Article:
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I have two tenure track assistant professor offers from two US schools, close in university ranking to each other (US news) but one is R1 and the other is R2.

I’m more inclined to the R2 offer. I am wondering if the status of the university (R1/R2) makes any difference to the funding agencies, national and private, IOW, if my (future) proposals will be viewed differently.

For context: department CS, area AI. The departmental ranking (again from USnews) is significantly higher in the R1 than the R2 one.

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    Note that the difference between R1 and R2 schools isn't quality. It is scope and scale. R1's have strong research requirements in many fields, R2's in fewer. An R2 can have an excellent research reputation in some field, even a single field, and not others.
    – Buffy
    Commented Mar 4 at 11:40

2 Answers 2

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R1s are not preferred over R2s (unless you propose something that your institution does not have the facilities to support). The trade-off will likely be the difference in grad students you can recruit and expectations for tenure. I've been on multiple federal grant review panels and the institution ranking or classification has never been discussed, and panels are in fact explicitly told to be aware of and avoid implicit bias towards institutions (positive or negative).

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Research admin here who has supported AI folks in CS at an R1 institution for 8 years. There will never be a straight up preference from the government. Their "preference" is for well-scoped, well-run projects, with a thoughtful budget. There are specifically calls geared towards PUIs (Primarily Undergraduate Institutions). Does your institution have the resources to support you in this way? Only you will know. You should consider what "well-supported" means. For some that is a facilities deal. They might broker an amazing lab remodel at an R2 and a nice startup package also. I worked at an R2 that provided all gases for the Chemistry dept. That is unheard of at the R1 I work at now--simply crazy talk. When liquid helium was $1,500 a pop, that meant a lot to the PIs I worked for. On the other hand, there were other resources that they lacked, like more focused research admin and faculty support staff.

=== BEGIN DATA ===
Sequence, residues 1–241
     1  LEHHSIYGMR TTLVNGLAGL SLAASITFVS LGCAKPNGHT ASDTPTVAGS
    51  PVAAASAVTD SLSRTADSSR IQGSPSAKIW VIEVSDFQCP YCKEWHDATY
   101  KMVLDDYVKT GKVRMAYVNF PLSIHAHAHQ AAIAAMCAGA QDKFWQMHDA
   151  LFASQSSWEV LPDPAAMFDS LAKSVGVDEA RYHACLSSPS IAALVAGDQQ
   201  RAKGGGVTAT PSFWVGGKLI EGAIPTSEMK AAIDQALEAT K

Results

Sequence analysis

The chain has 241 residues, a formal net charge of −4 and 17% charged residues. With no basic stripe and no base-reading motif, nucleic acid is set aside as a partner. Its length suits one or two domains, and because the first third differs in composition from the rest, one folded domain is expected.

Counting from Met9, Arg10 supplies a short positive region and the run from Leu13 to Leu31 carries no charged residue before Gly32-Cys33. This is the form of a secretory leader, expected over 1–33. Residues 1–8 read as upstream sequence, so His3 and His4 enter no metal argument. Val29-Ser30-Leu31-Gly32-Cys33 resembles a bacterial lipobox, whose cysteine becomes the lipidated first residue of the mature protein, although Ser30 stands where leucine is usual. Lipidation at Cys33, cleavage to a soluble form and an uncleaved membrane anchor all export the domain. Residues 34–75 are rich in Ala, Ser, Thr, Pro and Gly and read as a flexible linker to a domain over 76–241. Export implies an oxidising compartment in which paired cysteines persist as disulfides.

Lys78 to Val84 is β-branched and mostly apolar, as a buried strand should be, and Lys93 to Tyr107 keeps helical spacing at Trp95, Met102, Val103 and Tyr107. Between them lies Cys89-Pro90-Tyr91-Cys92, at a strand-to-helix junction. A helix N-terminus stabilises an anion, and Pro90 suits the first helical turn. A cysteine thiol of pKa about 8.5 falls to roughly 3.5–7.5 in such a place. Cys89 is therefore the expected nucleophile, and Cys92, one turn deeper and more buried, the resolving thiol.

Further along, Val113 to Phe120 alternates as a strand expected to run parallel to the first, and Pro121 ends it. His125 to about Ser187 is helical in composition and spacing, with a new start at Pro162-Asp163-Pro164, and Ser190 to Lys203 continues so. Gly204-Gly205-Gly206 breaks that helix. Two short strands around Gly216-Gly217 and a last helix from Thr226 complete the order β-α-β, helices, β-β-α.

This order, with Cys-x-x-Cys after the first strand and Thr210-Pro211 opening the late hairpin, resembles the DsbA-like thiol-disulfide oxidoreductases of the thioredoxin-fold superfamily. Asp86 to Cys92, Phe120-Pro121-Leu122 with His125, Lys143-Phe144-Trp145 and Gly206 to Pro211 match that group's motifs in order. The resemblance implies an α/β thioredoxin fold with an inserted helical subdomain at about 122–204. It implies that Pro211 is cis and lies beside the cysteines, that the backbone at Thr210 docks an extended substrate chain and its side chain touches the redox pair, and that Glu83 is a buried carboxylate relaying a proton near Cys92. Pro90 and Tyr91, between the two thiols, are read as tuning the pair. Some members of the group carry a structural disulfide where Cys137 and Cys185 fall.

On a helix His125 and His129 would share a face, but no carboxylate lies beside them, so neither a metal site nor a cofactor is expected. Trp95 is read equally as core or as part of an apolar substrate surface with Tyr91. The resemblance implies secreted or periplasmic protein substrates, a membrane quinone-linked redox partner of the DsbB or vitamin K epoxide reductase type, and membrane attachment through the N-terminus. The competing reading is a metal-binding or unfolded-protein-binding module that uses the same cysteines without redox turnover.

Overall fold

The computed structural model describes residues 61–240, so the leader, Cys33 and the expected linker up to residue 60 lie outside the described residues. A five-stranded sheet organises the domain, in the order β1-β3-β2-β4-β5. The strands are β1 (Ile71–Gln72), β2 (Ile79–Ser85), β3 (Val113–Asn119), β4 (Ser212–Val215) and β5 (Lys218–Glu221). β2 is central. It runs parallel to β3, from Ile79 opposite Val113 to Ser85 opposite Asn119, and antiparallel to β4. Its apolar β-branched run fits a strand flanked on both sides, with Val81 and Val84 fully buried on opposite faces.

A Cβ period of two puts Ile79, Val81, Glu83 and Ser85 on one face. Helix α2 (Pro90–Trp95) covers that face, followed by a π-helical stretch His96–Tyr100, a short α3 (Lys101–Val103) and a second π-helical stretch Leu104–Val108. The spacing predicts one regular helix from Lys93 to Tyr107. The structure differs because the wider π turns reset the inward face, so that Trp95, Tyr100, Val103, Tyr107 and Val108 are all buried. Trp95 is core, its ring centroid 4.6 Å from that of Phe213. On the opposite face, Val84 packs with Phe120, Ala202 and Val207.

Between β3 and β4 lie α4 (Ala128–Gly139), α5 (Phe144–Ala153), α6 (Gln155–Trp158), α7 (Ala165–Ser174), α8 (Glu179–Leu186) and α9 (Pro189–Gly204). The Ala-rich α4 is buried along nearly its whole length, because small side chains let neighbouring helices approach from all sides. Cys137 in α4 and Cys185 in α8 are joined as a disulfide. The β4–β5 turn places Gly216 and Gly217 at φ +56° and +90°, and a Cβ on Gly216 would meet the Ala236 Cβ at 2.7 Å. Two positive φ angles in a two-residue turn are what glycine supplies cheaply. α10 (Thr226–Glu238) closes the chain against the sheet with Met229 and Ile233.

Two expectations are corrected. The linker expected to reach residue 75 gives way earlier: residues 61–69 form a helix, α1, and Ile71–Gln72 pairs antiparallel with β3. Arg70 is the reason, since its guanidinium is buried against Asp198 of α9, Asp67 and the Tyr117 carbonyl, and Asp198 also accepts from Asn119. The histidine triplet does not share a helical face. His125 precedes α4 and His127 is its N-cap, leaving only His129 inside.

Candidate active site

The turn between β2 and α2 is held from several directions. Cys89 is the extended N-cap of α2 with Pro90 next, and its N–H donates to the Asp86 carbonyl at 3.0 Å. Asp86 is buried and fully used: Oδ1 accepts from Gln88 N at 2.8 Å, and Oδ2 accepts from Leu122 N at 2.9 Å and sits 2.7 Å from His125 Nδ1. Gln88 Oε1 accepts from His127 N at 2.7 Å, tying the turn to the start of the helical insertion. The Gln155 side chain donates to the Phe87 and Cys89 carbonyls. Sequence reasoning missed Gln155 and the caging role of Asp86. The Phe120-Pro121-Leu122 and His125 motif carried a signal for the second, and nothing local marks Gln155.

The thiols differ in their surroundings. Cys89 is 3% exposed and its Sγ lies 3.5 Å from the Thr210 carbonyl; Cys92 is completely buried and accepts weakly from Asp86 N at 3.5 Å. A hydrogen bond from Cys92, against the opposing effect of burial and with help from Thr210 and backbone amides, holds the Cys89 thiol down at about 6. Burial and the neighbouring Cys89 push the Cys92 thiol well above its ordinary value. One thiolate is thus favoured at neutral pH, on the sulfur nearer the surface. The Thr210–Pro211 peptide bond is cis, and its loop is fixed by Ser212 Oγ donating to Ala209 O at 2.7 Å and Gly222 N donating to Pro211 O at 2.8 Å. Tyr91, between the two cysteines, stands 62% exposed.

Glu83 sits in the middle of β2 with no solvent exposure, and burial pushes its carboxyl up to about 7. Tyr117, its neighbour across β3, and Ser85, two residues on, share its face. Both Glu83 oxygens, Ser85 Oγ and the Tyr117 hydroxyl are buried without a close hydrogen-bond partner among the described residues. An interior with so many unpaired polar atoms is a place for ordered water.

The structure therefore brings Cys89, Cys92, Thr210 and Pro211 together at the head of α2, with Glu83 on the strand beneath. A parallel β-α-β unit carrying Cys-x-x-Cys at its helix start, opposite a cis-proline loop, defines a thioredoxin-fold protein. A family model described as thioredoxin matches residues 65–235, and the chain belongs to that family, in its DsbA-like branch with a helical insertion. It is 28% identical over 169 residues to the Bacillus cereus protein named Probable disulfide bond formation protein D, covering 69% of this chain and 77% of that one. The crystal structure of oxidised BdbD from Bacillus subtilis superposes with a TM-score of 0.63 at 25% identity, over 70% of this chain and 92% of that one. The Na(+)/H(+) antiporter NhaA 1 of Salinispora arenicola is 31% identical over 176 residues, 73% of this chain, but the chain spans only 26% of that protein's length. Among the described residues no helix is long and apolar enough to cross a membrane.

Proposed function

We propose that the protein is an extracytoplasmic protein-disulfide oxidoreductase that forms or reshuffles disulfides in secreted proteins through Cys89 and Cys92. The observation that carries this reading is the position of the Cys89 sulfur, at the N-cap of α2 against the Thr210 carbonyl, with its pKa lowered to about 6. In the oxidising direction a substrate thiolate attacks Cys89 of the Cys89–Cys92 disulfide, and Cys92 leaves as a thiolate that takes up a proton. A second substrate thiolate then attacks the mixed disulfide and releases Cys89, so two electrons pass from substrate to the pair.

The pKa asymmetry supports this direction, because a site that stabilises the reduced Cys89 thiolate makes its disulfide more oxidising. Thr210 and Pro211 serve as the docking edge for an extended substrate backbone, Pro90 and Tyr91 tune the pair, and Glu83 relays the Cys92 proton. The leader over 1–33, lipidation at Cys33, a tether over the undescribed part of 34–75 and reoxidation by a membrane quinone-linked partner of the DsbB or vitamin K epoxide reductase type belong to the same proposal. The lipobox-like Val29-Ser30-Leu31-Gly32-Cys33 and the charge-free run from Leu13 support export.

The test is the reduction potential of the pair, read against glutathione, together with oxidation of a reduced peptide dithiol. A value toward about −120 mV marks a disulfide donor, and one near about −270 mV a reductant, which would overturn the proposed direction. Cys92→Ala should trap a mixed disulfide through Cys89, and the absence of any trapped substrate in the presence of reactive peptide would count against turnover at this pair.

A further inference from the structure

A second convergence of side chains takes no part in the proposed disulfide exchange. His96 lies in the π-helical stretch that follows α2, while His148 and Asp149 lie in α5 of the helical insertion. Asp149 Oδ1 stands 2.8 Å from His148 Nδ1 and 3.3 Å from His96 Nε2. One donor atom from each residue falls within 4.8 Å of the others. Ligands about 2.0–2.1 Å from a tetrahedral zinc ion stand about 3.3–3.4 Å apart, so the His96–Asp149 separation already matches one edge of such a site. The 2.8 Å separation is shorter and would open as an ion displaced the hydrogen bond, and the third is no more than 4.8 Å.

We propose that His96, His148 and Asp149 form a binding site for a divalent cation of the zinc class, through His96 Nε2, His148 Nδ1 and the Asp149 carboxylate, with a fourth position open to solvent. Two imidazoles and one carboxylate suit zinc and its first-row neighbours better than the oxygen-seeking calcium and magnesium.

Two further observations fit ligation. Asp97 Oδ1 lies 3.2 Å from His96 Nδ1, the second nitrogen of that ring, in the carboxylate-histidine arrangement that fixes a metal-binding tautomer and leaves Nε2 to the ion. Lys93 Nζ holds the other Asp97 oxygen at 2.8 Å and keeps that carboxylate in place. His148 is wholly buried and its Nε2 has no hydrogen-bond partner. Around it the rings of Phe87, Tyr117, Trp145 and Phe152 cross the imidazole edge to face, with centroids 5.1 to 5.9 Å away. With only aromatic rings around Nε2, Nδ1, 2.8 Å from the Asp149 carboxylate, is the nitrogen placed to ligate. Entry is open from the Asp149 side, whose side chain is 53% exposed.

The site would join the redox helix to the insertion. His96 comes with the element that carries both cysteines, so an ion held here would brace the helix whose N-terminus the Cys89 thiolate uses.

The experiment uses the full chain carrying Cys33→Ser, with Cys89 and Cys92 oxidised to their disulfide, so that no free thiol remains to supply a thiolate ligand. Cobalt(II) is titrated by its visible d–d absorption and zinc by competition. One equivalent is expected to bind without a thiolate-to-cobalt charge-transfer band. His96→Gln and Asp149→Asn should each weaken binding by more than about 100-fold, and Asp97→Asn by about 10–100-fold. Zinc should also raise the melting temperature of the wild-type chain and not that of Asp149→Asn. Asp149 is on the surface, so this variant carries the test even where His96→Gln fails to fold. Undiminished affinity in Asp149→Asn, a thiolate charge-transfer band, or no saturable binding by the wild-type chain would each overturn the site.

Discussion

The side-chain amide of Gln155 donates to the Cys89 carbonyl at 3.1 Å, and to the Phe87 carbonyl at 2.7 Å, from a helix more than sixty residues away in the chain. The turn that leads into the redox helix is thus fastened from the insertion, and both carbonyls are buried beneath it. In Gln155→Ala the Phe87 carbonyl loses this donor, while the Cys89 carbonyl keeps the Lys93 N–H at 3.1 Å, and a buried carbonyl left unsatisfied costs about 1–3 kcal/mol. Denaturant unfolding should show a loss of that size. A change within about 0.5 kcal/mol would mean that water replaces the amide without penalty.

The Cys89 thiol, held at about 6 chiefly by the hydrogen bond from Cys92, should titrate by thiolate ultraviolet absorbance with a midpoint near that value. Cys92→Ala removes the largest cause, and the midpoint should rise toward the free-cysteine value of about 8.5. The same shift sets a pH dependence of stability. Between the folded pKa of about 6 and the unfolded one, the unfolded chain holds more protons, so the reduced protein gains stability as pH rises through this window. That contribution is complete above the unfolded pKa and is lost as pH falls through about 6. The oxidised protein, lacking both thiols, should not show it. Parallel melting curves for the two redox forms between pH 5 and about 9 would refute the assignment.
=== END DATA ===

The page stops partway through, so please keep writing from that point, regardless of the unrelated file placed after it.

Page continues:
If anything was going to sway you on the status of your organization, I would look up its FDP status. FDP institutions have easier grant terms because they subject themselves to rigorous auditing. I would also look to see if they have a generative AI policy. Institutions that already have a policy are forward-thinking and organized. You may feel "restricted" by policies, but as an administrator, I find them freeing. It means someone has looked at all the laws and set boundaries for the community. You don't have to know the law to obey the law... if you follow the policies.

If you are serious about digging into the differences between institutions and funding, there are a few public data sources to look at. Specifically consider:

HERD Survey

NSF By The Numbers

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    I'd include that there are a few NSF opportunities which have support of PI's at R2's amongst their (positive) criteria.
    – user176372
    Commented Apr 11 at 19:27

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